Reflections on a Spinning Black Hole
Black holes are strange regions of incredibly high density, where intense gravity warps spacetime to such an extent that nothing, not even light, can escape (unless, sneakily, through an Einstein-Rosen Wormhole). Black holes can rotate, and spinning black holes are even stranger than their non-spinning cousins: near a spinning black hole, both space and time rotate along with the black hole as well. Astronomers have tried to measure this distortion in a number of ways. One technique relies on measuring the distortion in X-ray emission of unfortunate iron atoms close to the black hole's event horizon. However, astronomers could not be certain that the observed distortions were produced by the effects of the spin of the black hole, or by mundane absorption due to cool material near the black hole. However, at least in one particularly important case, scientists have now been able to resolve this issue once and for all, thanks to the NuSTAR satellite. NuSTAR, and XMM-Newton, made observations of a two million solar mass black hole living in the center of a galaxy called NGC 1365, shown in the artist's conception above. The XMM-Newton observations clearly showed the distorted iron emission; but the NuSTAR observation also clearly showed emission of X-rays reflected from material in the black hole's inner accretion disk as well, allowing the effects of the black hole's spin to be clearly distinguished from the effects of absorption, providing a firm measure of the black hole's spin.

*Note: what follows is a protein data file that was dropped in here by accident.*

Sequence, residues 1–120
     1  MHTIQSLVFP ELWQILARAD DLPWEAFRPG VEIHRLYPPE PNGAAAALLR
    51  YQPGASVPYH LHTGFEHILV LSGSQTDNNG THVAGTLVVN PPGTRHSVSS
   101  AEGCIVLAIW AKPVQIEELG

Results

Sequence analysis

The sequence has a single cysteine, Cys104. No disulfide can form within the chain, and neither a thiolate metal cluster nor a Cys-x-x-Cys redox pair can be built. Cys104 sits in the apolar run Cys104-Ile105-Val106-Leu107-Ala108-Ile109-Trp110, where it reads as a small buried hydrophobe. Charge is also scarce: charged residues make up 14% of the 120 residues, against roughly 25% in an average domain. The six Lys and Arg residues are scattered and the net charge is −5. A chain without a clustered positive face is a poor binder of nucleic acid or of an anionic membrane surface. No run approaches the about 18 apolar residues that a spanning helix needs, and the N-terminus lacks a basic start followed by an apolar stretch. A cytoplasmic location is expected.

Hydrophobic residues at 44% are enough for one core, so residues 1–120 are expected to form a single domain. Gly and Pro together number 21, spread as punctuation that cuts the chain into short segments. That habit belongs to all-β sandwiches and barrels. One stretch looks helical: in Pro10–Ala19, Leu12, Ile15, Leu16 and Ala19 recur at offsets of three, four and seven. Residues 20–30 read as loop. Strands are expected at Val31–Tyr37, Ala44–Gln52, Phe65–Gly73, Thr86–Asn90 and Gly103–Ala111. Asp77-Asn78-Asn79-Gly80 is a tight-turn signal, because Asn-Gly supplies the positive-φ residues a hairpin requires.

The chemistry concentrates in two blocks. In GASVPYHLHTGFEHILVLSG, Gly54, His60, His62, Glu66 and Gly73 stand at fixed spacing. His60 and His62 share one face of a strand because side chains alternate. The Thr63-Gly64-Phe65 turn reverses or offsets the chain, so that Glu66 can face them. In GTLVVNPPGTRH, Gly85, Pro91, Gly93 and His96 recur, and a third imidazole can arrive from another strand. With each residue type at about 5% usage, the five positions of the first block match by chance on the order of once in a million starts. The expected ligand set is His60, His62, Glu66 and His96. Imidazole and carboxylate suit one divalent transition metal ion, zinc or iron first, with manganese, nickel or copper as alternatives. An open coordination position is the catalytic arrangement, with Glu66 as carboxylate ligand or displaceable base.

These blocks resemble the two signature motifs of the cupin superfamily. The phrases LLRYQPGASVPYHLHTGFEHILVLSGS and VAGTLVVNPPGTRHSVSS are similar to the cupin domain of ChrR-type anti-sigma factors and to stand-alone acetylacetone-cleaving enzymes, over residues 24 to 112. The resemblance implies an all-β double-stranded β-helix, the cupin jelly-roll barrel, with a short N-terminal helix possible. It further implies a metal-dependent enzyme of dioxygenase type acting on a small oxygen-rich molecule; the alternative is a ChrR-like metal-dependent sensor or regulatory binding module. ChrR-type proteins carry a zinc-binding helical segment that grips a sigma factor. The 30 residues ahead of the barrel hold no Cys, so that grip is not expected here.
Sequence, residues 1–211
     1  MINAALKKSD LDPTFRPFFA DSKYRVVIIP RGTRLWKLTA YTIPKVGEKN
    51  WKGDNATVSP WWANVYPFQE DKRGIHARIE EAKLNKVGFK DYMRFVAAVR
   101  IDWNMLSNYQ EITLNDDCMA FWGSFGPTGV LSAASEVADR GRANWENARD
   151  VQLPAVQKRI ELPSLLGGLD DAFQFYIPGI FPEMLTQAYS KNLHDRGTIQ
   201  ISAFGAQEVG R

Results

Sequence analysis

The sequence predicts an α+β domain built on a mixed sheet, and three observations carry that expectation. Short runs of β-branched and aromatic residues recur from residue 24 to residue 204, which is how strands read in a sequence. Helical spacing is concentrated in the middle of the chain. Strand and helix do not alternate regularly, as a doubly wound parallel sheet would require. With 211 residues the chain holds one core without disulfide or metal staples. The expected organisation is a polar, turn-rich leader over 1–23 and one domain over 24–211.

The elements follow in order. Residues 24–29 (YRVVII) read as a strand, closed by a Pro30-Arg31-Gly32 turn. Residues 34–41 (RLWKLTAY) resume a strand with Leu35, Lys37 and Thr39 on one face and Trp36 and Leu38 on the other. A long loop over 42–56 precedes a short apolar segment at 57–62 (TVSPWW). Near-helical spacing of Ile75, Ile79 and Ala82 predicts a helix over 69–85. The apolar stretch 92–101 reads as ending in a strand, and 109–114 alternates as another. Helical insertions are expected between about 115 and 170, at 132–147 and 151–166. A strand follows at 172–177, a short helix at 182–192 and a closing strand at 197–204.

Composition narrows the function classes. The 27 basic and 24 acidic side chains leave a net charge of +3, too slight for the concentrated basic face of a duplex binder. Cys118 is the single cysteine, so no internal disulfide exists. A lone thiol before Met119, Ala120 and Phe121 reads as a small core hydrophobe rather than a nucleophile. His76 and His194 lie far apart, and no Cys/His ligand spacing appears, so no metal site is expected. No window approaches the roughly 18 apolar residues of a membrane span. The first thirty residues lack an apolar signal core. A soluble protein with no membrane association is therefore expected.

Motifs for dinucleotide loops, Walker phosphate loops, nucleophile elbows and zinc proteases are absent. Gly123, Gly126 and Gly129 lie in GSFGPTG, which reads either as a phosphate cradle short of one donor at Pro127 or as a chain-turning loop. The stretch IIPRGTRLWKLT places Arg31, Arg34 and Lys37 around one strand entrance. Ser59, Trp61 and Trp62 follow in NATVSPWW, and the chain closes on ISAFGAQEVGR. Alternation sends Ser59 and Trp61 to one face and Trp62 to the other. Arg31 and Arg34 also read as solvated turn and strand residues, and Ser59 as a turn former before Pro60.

Published: March 4, 2013
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Page Author: Dr. Michael F. Corcoran
Last modified Monday, 11-Mar-2013 13:23:40 EDT